open mind case closed

18 Oct

A blogger once said, “Writing a blog is similar to taking a shit, you have wait for it to come out.” So believe me when I say I’m sorry for the late arrival of this post, the wait was as painful for me as it was for you. As Ian already mentioned, SuperKuhlWunderBlog has entered a new phase — a phase in which Ian kicks back in Berlin while I live uncomfortably out of a rapidly deteriorating backpack loaned to me by Mr. Will Duncan. This transition will be difficult for all of us, especially Ian. Personally, I feel like I’ve just finished reading one great book only to pick up another that appears, from the first few pages, to be entirely better. Lick that verboten!

The Ottoman empire, at least geographically, looks like some horribly blown apart animal. Budapest and Baghdad the tapered ends of its ravaged pelt, the Black Sea a gaping hole through the carcass, fly larvae gathering around Athens, and the Mediterranean spilling blood onto the interstate. Or that’s what I was thinking as Jessica and I sat in the craphole waiting room of an Istanbul bus agency. I’d put my book down because the only television I’d seen in over a month was buzzing away in the corner. The local news appeared to have been reporting on over 10 different automobile accidents. A minibus had crashed, and although I couldn’t tell how many people died in the wreckage, I assumed it was eight. Another crash took the lives of maybe two people. The spaghetti ball of their car only resembled a car because the wheels were still intact. (For the record, Turkish people drive like fucking maniacs, and anyone who willingly enters a vehicle in that country deserves what’s coming). And when it was announced that we could begin boarding the bus for our 11 hour journey to Kapadokya, I have to admit I felt a bit like a soldier heading to the front lines.

As our bus pulled away from the crowded depot the call to prayer screamed in through an open window. I reflexively began to think about keeping an open mind, as I had while visiting both tourist infested mosques and hippie ridden hostels. No, I’m not surprised that you forgot to take your shoes off before molesting some old praying Muslim man with your digital SLR Cannon. And no, I’m not surprised that you’re a fucking polyamorist that’s offering me a dish of vegan Musli. Finally, and God damnit I’m sorry, but I’m not surprised you don’t think Iran’s that bad of a place to live, and that it’s really changed since the revolution, despite the fact that people are still sentenced to death for political activism, that 2,000 protestors were killed at demonstrations after a rigged election, and that you have to “know a guy” to watch It’s Always Sunny in Philidelphia. Our bus began to churn down the freeway, and because it felt so cathartic I let out a low and whispered “fucking christ.” An open mind, where’s that ever gotten anyone? Alright, so I’m at a loss for examples. Still, I’d rather know what I like and forget what I don’t — but what kind of attitude is that when trying to write a travel blog?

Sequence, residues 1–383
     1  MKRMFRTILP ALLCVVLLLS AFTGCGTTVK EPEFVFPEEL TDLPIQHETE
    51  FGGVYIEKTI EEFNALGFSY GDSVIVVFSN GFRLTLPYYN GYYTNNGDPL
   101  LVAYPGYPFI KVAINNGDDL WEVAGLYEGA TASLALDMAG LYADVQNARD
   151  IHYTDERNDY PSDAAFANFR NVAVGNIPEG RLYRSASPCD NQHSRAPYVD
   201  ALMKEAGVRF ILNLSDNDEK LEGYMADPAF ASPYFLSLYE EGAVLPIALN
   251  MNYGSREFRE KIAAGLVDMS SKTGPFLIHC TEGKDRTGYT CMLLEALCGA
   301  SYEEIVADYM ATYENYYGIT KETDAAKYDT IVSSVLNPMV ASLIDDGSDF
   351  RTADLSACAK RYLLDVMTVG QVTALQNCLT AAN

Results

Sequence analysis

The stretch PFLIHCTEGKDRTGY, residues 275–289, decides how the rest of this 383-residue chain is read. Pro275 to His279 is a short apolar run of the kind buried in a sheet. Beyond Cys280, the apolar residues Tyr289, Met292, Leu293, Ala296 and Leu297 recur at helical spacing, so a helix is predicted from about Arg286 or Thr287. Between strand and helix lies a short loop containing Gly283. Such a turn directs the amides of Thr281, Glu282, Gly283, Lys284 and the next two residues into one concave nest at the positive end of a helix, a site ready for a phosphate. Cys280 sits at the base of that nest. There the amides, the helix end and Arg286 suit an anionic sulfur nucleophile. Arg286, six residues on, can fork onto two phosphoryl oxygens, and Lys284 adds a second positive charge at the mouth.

I slept for most of the bus ride, waking occasionally to make sure the bus driver wasn’t weaving between lanes, and although he was, I couldn’t help but fall asleep again. Our bus ride was supposed to have direct service to the town of Goreme. “Direct service” can mean so many things, and it’s never what you’d expect. At 7:00am our bus pulled into a station ten miles from our destination. After frantically looking around the bus in that concerned American way, another passenger tried to comfort us by saying, “don’t trust any of the shuttle vans here, they’ll lie to you.” Perplexed, we wandered off the bus and onto a shuttle van that said it was going to Goreme. We were then kicked off the shuttle because it wasn’t, after all, going to Goreme. It was cold — snow on the mountains and ice on the ground — and we looked at each other in that “I need a drink” sort of way.

We’d drank only half of our Turkish teas when a man came running toward us impatiently clapping his hands. “Come! Quickly!” Normally this man would’ve registered as “rude,” but we needed a leader, so we followed him. He put us on one of those big space shuttle busses and it drove us to Goreme, hot air balloons rising in the distance.
The earth jutted out into monolithic mounds that picked bits of color from the sky. When rain finally erodes those massive Soviet era buildings, those lumbering concrete blocks, they’ll look like this. A gangly tree covered in trash stank of vinegar and mushrooms while four wild horses chased a pair of tourists, the bounce of telephoto lensed cameras an appropriate barometer for fear. I smiled, thought about how I’d like my own wild horses to chase away the talkative hostel hippies, the sociopathic travel writers, the “open mind” missionaries.



5 Responses to “open mind case closed”

  1. Robert Spotts October 19, 2010 at 7:50 pm #

    OMG Jason! That looks so much better than what Ian is doing! Congrats!

    • ianmdm October 19, 2010 at 10:45 pm #

      um aw just wait til i post my blog about the cool stuff i’ve been doing. i mean, has jason been hanging out at a quasi-exclusive basement club in neukolln? i didn’t think so!

      • Robert Spotts October 21, 2010 at 2:36 pm #

        OMG Ian! That looks so much better than what I’m doing! Congrats!

      • ianmdm October 21, 2010 at 6:04 pm #



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